Is Mormon History American History? From the Juvenile Instructor

Such is the question posed at the Juvenile Instructor (a blog I just found that attempts to discuss Mormonism within the wider context of American history -- the blog's title is from a 19th-century Mormon periodical). The discussion there concerns the relative treatment of Mormonism by Charles Sellers, Sean Wilentz, and now Daniel Walker Howe in their respective treatments of the antebellum era, discussed further in John Turner's post below. The post concludes by asking: All of this leads to the question: how significant is Mormon history to the larger narrative of American history? Is Wilentz right in granting Mormonism just one paragraph in a 800-page book on antebellum American history? Or is Sellers (and possibly Howe) more accurate in devoting more time to Mormonism’s place in American history?

The post is well worth checking out as part of our discussion here of religion, the market revolution, and the antebellum era, as well as for those with a special interest in discussing Mormon history in more depth. And thanks for the links and references.

Also, this of interest on the same topic, from American Religious History:

Mormon-studies professorship is first in California

The Claremont Graduate University program will be led by Richard Lyman Bushman, a church elder, media commentator and author.

By Larry Gordon, Los Angeles Times Staff Writer
October 30, 2007

Claremont Graduate University is establishing a new professorship in Mormon studies and hiring a prominent historian and biographer of the religion’s founder to fill that slot — starting the first such academic program in California and the second of its kind at a secular school nationwide.

Non-Mormon academics and Mormon church leaders described Claremont’s appointment of Richard Lyman Bushman, professor emeritus of early American history at Columbia University, as a significant advance in serious scholarship about the religion, which is growing quickly worldwide but also raising puzzlement and even hostility. (Click on link above for rest of article)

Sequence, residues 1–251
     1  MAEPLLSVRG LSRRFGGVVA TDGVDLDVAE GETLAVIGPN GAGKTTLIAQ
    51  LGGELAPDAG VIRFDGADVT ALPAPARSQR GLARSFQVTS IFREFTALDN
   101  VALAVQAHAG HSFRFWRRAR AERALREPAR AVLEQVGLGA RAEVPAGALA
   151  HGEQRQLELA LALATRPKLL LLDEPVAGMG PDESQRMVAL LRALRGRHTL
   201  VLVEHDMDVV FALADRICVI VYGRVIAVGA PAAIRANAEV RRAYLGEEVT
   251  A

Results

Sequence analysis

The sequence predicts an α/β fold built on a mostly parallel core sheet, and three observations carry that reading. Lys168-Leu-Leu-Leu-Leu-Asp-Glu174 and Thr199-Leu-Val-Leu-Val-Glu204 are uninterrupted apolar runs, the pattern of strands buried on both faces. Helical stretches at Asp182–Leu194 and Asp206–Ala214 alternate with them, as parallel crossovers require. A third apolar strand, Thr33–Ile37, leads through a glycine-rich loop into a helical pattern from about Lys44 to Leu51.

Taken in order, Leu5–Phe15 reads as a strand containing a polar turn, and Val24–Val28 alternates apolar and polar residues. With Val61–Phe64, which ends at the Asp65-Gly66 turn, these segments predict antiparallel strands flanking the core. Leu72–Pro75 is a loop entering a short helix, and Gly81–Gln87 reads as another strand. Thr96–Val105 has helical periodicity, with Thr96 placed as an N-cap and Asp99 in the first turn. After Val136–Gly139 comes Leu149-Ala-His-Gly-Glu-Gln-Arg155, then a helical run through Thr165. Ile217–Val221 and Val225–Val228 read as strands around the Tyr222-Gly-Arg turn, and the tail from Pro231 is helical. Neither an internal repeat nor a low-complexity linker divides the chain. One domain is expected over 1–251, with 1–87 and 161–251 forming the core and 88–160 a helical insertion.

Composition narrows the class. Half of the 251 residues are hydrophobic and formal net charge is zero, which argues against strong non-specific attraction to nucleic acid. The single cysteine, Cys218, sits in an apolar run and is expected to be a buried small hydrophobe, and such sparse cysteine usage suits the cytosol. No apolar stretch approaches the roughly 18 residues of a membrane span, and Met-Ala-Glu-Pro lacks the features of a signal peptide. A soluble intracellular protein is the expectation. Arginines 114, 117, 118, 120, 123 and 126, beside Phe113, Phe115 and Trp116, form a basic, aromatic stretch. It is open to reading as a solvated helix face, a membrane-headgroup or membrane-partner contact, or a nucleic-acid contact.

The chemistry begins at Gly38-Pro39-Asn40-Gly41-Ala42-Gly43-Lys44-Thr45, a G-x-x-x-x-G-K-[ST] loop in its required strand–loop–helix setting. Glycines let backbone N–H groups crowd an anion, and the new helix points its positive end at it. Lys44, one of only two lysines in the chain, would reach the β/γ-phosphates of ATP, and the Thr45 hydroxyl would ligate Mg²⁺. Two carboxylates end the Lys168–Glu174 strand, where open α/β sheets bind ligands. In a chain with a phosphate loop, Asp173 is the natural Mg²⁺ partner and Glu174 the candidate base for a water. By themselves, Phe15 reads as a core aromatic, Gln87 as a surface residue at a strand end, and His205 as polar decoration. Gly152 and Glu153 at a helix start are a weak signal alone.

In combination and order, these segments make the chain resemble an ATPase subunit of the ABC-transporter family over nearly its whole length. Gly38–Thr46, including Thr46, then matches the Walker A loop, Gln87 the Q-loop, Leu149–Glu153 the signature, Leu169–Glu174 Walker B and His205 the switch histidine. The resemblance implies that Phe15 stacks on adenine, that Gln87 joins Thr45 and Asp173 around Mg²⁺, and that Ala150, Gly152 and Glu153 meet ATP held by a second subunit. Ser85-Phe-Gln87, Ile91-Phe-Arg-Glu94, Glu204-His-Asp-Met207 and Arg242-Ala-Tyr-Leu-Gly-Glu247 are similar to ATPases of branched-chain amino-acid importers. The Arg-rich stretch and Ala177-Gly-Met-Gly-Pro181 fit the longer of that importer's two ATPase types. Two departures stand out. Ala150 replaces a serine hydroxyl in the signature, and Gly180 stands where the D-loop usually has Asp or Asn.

Anonymous said…
To be fair to Wilentz, I must confess an error in my post on his book and allow that Mormonism briefly surfaces again in a second paragraph on the "twin relics of barbarism." However, he doesn't mention the Utah War, which probably deserved at least a word or two in his coverage of the Buchanan presidency.

This, however, illustrates the difficulty of the question. How much space should Mormonism (or, specifically, Nauvoo, the Utah War, or the Mountain Meadows Massacre) receive? I can hardly blame Wilentz for instead writing about Dred Scott and Kansas.
Anonymous said…
I guess I showed my hand on this one, John, when I titled my dissertation's introduction, "Mormon History as American History." For me, much of Mormonism's significance for the larger narrative is the ways which it provoked such intense hostility. Something that touches such a nerve surely merits some attention. I argue that, given the sheer volume of anti-Mormon writing, historians who ignore the Mormon story miss a critical window on some pretty salient dilemmas.
Paul Harvey said…
Spencer: Good to see you briefly retired from your touch football quarterbacking career to comment on this -- feel free to send me something to post on the subjects you're studying, or if not that hope we'll hear from you in the comments section further. Thanks, Paul
Anonymous said…
Spencer -- good to hear from you in this venue.

I don't disagree with you. Mormonism (and more particularly, anti-Mormonism) does have a lot to say about American History. The viciousness and pervasiveness of anti-Mormonism speaks volumes about American identity in the 19th century and how closely it was tied into Protestant Christianity. But in the context of Wilentz's rather strict focus on American politics, I don't blame him for ignoring Mormonism (although more on the 1856 Republican platform and the Utah War would have fit in fairly easily).
Rebecca said…
Maybe Wilentz overlooking the Utah War is part of a larger pattern in which nineteenth-century historians who aren't explicitly historians of the West completely ignore everything that happens between the Mississippi and California? (Well, they don't necessarily *completely* ignore it, but I think there's definitely a feeling that what happens in the east is more important/significant for later events). Just a thought.

Popular Posts